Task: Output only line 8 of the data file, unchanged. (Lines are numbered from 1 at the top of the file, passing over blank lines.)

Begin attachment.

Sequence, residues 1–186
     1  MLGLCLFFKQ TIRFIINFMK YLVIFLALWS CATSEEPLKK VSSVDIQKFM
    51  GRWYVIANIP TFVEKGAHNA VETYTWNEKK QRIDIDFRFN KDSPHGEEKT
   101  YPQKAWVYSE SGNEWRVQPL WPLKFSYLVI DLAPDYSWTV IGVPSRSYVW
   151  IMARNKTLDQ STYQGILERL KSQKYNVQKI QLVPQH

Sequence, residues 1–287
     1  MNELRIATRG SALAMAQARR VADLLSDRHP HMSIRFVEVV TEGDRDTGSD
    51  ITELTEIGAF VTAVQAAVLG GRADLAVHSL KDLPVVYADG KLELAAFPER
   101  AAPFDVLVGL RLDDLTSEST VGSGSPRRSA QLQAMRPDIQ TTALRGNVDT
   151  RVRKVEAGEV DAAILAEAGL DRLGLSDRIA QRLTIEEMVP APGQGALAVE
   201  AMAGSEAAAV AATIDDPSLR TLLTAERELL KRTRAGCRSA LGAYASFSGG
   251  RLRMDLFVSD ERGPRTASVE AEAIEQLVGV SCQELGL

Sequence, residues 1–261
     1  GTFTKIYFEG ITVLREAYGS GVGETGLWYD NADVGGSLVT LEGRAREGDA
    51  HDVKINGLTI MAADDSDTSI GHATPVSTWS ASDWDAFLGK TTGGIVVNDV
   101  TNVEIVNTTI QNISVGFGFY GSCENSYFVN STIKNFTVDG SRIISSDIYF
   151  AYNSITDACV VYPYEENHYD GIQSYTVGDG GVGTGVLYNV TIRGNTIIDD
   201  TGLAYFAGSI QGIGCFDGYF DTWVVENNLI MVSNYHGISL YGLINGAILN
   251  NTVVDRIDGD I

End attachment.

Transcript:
    51  ITELTEIGAF VTAVQAAVLG GRADLAVHSL KDLPVVYADG KLELAAFPER